“Was this the worst political convention is all of human history?” I was asked repeatedly during the Republican convention in Augusta.

The question is easily answered: No.

Connoisseurs of chaos must look elsewhere for history’s worst convention.

The 1952 GOP gathering in Chicago resulted in fist-fights and choruses of boos. Rep. Everett Dirksen, R-Ill., reminiscing later during a speech in Old Orchard Beach, compared it to Maine’s storm-driven tides.

The George McGovern-Hubert Humphrey clash at the 1968 Democratic Convention spilled over into the streets and resulted in actual bloodshed. There was no booing, fisticuffs or bloodshed in Augusta.

The 1920 GOP convention in Chicago went through 10 ballots in 100-degree heat. I think some delegates actually dissolved, and their remains had to be mopped up by the janitors. We didn’t see a trickle of sweat in Augusta. Delegates may have suffered agonies from boredom during the long, long dead periods, but their suffering was mental, not physical.

In 1860, Democrats went through 67 ballots at their Charleston, S.C., meeting without choosing a nominee. They reconvened in Baltimore, where everything fell apart, with the southern delegates departing to hold their own convention in another hall. There was still a single Maine Republican Party on May 6.

There have been many more horrible conventions than the one in Augusta, but the worst of all was surely the one held in the Sultanate of Dismailia during the last three months of 1896.

It resulted in 183 dead, more than 500 wounded and 18 irreconcilable factions with no nominee. It ended only when Sultan Gnashgnackh the Merciful stepped in to execute the survivors and cancel the elections. Public opinion approved his majesty’s decision and no further experiments with democratic government have been tried there since.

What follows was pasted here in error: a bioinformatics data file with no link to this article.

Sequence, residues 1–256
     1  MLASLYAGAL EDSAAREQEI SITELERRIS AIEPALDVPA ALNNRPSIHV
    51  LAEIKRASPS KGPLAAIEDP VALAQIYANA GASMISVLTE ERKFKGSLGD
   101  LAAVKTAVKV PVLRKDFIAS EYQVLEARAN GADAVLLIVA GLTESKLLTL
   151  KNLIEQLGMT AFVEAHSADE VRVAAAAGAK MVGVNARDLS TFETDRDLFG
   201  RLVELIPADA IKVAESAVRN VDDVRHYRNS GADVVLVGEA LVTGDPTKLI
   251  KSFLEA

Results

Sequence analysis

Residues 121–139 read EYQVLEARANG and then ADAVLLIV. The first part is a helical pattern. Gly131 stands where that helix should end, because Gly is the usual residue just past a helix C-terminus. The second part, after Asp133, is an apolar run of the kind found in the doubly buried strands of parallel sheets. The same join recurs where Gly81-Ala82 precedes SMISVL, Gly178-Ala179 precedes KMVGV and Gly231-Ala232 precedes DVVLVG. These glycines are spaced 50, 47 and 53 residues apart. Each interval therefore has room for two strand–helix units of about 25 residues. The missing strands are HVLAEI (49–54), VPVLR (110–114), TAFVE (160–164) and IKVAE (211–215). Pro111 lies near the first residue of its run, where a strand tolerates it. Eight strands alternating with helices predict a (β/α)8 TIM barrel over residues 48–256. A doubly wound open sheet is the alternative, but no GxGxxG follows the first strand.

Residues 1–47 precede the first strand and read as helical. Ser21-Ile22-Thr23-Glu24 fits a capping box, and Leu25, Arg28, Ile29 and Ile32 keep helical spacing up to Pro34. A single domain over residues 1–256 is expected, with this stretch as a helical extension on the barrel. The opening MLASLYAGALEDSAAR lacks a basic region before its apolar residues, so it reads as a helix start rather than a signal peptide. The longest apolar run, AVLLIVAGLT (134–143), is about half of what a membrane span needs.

We must hope that no American president notices and decides to attempt another experiment in nation-building in that inhospitable country. The last foreign intervention there took place in 1902 when a Royal Bulgarian Army expedition landed on the Viper Coast.

In three days, half the force was dead from snake bites and tropical diseases unheard of in any other region. The remaining troops shot their officers and fled across the border into the Kingdom of Hocsuntleonis. Afghanistan would be a walk in downtown Farmington by comparison.

But I digress. May’s Republican gathering was far from the smoothest convention in American history. It was chaotic. It failed to showcase the party’s congressional candidates. This year’s legislative elections were almost entirely forgotten. A party platform was adopted as afterthought, largely unread, by a doubtful quorum.

In the end, however, it was far from the worst such event in American history. In truth, it simply exemplified the old adage about democracy being a messy business.

Many old convention hands, not all of them Mitt Romney enthusiasts, were exasperated by the Ron Paul enthusiasts, but I feel obliged to put in a good word for their organizers.

It became evident during their pre-convention meeting Friday night that they were at pains to avoid chaos and tumult. They were single-mindedly fixed on one goal: to elect Paul delegates to the national convention.

They were not interested in a platform fight, and tactfully deflected a pest who wanted to introduce the subject on Friday. They were there on the floor on Saturday and Sunday with QUIET signs ready, in order to calm the zealots.

There had been fears of boos and jeers directed at retiring Sen. Olympia Snowe, who is the face of the centrist “establishment” they despise. Her speech passed without interruption. Sen. Susan Collins’s remarks were received with some approval.

It could have been won a lot worse. The Paul people elected their delegates by real majorities. They had a real grassroots organization. Romney’s people had a lawyer. There was enough irregularity and confusion to give him grounds for challenging Maine’s delegates in Tampa, and submitting a bill with multiple digits.

In my opinion, that would be a pity. The Paul supporters’ victory was won by hard work, not chicanery. They deserve their seats in Tampa.

John Frary, of Farmington, is a retired professor and former Republican candidate for Congress.

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